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We are a nation clueless by design

Plugged in. Tuned out. | April 14, Perspective story

Our nation is clueless by design

Ted Gup's article is both accurate and depressing, but he errs in his assertion that the clueless state of America's students is a matter of failure. In fact, it represents the success of dominant philosophies of American society.

Institute an educational law (No Child Left Behind) that doesn't address the social causes of the difficulties of helping students learn, and instead penalizes schools that can't work miracles with unprepared students. Emphasize math and science both to reinforce the political and economic status quo and avoid messy debates about how to address critical but controversial social issues (class inequality, teen pregnancy, foreign policy). Undercut science and civic debate with anti-intellectual political and "faith-based" rhetoric. Steep our youth in a shallow, pointless popular culture, that, much worse than encouraging true sexuality or rebelliousness, uses those unruly but authentic qualities only as strategies to foster obsessive consumerism and celebrity worship.

This is the choice we made. This is the full bloom of the conservative revolution, a world set into motion when we threw the baby out with the bath water and turned our backs on the weary-

ing but engaged civic unrest of the 1960s to worship at the altar of the supposed panacea of free markets. American capitalist democracy — as now practiced — is designed exactly to create such worker bees and shoppers, not the "responsible citizens" that professor Gup, and I as a fellow educator, would like to see assume the reins of this country.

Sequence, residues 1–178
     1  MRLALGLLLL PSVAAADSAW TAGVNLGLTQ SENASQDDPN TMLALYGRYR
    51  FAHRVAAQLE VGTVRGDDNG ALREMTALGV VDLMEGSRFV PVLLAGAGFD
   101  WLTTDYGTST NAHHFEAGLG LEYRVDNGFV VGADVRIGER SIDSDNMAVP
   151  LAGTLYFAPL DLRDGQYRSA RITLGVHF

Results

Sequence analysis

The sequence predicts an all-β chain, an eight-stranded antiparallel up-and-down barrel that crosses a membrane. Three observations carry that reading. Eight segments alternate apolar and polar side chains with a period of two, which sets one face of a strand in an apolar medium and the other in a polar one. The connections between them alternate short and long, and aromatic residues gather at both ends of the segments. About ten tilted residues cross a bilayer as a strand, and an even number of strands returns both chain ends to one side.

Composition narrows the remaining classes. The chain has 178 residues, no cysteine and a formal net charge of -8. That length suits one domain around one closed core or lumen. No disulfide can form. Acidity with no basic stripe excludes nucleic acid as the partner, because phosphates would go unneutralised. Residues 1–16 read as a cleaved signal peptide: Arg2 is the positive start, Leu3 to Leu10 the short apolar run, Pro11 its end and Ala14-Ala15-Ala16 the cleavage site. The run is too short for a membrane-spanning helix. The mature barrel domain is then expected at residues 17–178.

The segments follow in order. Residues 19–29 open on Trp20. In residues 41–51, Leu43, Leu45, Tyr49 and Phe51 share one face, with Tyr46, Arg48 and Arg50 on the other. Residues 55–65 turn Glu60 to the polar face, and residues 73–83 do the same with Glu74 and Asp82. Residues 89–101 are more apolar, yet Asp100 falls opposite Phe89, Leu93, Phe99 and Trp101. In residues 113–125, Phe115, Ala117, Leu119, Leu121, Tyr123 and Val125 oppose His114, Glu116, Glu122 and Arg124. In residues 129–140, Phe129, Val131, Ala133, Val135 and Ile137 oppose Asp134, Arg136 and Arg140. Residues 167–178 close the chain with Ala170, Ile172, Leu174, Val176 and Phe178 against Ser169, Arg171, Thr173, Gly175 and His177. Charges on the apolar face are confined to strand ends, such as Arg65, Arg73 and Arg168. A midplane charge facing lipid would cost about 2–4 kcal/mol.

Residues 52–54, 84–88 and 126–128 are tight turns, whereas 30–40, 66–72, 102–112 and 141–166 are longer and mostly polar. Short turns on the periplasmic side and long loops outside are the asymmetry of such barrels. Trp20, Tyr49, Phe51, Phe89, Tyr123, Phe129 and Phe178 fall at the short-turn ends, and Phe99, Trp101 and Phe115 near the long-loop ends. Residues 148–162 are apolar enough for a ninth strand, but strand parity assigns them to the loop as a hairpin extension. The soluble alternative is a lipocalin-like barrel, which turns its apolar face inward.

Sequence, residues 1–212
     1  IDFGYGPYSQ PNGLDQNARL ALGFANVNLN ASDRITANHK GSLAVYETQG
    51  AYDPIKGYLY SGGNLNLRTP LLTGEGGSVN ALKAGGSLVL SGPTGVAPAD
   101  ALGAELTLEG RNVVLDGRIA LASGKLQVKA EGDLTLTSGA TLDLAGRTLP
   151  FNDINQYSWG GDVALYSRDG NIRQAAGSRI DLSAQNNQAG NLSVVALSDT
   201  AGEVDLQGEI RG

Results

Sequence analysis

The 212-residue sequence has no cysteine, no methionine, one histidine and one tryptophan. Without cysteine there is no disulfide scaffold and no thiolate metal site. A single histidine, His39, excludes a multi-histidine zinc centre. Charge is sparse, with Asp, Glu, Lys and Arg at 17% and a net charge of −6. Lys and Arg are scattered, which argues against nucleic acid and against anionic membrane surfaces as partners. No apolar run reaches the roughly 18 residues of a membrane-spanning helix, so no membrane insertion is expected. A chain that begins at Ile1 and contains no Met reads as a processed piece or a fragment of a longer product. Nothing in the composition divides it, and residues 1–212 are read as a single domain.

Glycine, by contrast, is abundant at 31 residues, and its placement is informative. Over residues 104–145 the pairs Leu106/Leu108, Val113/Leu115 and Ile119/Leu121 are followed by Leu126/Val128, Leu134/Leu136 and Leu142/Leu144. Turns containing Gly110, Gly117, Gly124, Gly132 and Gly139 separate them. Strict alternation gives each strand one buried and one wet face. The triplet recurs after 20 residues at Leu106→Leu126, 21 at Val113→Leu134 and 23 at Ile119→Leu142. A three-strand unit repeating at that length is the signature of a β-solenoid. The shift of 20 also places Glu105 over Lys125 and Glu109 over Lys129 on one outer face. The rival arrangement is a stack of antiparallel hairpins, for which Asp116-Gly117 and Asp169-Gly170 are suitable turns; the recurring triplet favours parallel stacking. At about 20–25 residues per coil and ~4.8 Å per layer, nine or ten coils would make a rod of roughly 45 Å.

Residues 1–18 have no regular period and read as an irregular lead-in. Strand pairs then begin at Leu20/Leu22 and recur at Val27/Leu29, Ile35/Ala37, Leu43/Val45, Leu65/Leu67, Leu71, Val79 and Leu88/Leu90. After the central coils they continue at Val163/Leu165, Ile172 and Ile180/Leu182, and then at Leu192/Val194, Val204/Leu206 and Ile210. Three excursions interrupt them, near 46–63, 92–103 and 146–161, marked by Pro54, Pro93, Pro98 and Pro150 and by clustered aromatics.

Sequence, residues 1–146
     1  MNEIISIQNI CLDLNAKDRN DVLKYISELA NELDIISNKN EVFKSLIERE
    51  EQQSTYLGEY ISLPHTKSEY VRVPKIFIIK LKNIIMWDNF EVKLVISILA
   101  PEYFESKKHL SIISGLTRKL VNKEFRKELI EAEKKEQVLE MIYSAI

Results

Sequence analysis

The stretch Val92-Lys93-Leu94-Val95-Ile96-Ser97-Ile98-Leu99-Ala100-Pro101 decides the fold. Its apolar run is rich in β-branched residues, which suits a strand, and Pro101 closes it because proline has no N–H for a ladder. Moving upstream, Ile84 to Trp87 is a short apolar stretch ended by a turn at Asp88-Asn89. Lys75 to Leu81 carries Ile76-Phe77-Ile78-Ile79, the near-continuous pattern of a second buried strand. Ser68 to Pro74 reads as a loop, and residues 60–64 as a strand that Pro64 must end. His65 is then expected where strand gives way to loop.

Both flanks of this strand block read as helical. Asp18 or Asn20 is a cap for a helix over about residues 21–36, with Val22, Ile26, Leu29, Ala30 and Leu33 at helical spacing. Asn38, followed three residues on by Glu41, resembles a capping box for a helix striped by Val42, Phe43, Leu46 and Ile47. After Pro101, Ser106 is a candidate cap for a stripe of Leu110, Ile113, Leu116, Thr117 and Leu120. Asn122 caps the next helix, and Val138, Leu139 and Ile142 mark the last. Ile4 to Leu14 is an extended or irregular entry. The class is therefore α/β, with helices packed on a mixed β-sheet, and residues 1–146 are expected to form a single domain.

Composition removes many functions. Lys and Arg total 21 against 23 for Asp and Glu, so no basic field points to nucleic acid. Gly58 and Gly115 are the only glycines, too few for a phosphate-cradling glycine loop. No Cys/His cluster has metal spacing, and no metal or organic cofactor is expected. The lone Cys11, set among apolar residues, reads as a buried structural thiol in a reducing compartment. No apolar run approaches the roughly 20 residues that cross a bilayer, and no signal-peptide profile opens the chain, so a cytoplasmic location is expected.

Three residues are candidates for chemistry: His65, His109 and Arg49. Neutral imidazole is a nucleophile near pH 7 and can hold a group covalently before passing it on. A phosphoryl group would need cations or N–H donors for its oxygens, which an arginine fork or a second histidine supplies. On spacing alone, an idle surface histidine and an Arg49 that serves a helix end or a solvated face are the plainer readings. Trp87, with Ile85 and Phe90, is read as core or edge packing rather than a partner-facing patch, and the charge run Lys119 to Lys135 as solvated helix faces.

Our challenge is to recognize this cynical equation at its historical source and recast our society into one in which meaningfulness benefiting everyone is more to be desired than meaninglessness enriching the few.

Andrew McAlister, Temple Terrace

Plugged in. Tuned out. | April 14, Perspective story

Shallow judgment

of a generation

I found the writer of this article to be just as ignorant as the students to whom he was referring. The blame he puts on our generation (I am a high school senior) is perhaps to shift the blame off his own generation's shoulders, whose faults include the horrible education system (the No Child Left Behind Act was, after all, enacted by a president elected by the majority of his generation).

I was appalled by his audacity to judge a generation by just several of his own classes (I wasn't under the impression that "dazzling SAT scores" in any way correlated to knowledge of current events since there is no section on the test relating to it).

There are people in every generation who will never be able to answer any current-event questions (if the writer asks those same questions to people of his own generation on the street, he will see) but there are also people who care and stay aware of world events.

Jenna James, St. Pete Beach

Plugged in. Tuned out. | April 14, Perspective story

They are not aware

Ted Gup's recent article on the decline of historical consciousness among our collegiate population is a sad reflection on our national priorities. This past April Fool's Day, I decided to play a political prank by donning a Richard Nixon mask and dispensing lollipops on a local college campus.